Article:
I’m hoping to sell a duology soon that’s in a similar vein as The Paper Magician, but no contract yet. ;)

TQThank you for joining us at The Qwillery.

Smoke and Summons
Numina 1
47North, February 1, 2019
Hardcover, Trade Paperback and Kindle eBook, 319 pages

Interview with Charlie Holmberg
A captivating world of monsters and magic from the Wall Street Journal bestselling author of The Paper Magician Series.

As a human vessel for an ancient spirit, Sandis lives no ordinary life. At the command of her master, she can be transformed against her will into his weapon—a raging monster summoned to do his bidding. Unlike other vessels, Sandis can host extremely powerful spirits, but hosting such creatures can be fatal. To stay alive, she must run. And in a city fueled by smoke and corruption, she finds a surprising ally.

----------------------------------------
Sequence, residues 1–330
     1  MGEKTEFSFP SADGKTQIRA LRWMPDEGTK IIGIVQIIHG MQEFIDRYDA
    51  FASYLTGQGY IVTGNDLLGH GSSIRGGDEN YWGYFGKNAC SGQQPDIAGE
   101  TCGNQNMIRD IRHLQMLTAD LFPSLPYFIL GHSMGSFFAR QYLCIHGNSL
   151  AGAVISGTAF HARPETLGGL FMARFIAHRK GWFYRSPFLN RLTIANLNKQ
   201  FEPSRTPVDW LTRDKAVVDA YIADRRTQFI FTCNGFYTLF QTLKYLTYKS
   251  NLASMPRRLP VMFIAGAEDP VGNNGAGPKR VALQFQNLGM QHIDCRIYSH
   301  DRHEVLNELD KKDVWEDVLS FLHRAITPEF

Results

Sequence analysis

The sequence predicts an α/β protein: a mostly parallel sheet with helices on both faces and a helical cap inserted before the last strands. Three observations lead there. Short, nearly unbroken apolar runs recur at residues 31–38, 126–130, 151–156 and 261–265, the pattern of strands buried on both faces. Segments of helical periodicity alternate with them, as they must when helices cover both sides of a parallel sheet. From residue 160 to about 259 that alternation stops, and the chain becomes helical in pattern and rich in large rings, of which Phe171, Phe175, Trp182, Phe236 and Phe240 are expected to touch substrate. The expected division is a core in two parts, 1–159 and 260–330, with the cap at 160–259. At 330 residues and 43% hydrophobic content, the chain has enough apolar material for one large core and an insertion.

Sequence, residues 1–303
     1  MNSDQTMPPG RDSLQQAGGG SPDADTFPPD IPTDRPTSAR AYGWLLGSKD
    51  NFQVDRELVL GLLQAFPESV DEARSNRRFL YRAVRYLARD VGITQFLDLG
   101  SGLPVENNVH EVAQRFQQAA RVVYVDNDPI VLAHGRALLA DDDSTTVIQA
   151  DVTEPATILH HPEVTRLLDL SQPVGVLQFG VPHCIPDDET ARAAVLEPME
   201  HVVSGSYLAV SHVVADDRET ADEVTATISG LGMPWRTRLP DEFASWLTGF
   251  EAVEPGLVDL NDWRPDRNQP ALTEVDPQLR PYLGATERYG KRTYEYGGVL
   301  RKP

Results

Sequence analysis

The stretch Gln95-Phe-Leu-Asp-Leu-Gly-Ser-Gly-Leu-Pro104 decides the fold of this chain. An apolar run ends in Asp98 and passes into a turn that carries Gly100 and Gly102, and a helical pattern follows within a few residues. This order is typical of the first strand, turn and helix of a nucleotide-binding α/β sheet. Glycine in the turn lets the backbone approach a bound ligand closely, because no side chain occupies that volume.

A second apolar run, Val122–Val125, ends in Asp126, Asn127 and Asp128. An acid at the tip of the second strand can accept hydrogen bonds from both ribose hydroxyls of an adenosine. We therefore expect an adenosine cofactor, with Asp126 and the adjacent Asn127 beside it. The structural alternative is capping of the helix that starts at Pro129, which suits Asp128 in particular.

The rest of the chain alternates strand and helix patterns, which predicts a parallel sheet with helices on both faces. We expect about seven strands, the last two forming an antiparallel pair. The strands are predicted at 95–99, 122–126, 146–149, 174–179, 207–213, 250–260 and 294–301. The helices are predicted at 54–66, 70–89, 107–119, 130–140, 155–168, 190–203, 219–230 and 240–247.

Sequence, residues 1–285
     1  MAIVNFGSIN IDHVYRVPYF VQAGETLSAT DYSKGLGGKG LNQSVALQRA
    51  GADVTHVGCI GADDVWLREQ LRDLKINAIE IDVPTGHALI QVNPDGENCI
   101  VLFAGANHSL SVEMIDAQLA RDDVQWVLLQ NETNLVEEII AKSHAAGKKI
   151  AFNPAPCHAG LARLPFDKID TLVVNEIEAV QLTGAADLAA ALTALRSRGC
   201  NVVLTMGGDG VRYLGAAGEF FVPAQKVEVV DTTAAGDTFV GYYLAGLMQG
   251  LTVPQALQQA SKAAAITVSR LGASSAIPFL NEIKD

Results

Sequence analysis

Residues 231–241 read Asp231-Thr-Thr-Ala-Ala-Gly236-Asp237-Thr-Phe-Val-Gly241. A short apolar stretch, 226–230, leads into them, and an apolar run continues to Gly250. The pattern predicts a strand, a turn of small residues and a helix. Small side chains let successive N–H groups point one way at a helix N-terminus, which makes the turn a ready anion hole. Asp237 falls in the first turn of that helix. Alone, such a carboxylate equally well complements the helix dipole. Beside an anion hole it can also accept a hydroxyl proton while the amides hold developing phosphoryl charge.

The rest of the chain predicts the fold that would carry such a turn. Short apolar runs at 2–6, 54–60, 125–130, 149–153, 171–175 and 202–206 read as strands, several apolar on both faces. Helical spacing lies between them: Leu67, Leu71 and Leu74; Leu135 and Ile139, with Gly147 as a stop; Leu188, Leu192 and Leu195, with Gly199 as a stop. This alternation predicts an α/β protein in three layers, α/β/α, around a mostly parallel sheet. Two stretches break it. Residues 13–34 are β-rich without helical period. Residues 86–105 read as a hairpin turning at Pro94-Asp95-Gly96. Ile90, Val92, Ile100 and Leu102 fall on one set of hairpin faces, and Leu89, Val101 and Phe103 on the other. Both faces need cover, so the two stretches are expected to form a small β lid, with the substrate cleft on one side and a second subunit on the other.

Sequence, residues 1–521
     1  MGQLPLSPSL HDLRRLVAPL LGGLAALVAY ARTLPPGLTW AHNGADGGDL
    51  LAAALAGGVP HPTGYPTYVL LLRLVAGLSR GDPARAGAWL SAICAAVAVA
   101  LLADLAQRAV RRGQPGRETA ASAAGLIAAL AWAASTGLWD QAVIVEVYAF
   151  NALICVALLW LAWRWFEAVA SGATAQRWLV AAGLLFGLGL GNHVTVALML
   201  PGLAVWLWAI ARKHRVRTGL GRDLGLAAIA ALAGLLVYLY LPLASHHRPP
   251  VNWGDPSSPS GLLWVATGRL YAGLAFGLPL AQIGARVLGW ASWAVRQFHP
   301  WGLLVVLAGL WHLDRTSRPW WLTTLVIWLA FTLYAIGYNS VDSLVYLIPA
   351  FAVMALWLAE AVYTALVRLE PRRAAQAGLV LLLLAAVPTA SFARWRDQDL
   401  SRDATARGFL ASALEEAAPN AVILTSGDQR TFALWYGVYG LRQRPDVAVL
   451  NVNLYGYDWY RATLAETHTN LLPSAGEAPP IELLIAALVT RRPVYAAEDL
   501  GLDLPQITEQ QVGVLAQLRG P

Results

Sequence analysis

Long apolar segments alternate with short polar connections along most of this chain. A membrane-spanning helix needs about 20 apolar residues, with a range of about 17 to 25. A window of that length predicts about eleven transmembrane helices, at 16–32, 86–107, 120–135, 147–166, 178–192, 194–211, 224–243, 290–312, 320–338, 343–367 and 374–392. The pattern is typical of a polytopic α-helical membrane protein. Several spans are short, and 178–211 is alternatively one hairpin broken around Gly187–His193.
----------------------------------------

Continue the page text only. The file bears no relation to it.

A cunning thief for hire, Rone owns a rare device that grants him immortality for one minute every day—a unique advantage that will come in handy in Sandis’s fight for freedom. But Sandis’s master knows how powerful she is. He’s determined to get her back, and he has the manpower to find her, wherever she runs.

Now, to outwit her pursuers, Sandis must put all her trust in Rone and his immortal device. For her master has summoned more than mere men to hunt her down…


Myth and Mortals
Numina 2
47North, April 16, 2019
Hardcover, Trade Paperback and Kindle eBook, 288 pages

Interview with Charlie Holmberg
Wall Street Journal bestselling author Charlie N. Holmberg builds her bewitching world of beasts and betrayal as the Numina Series continues.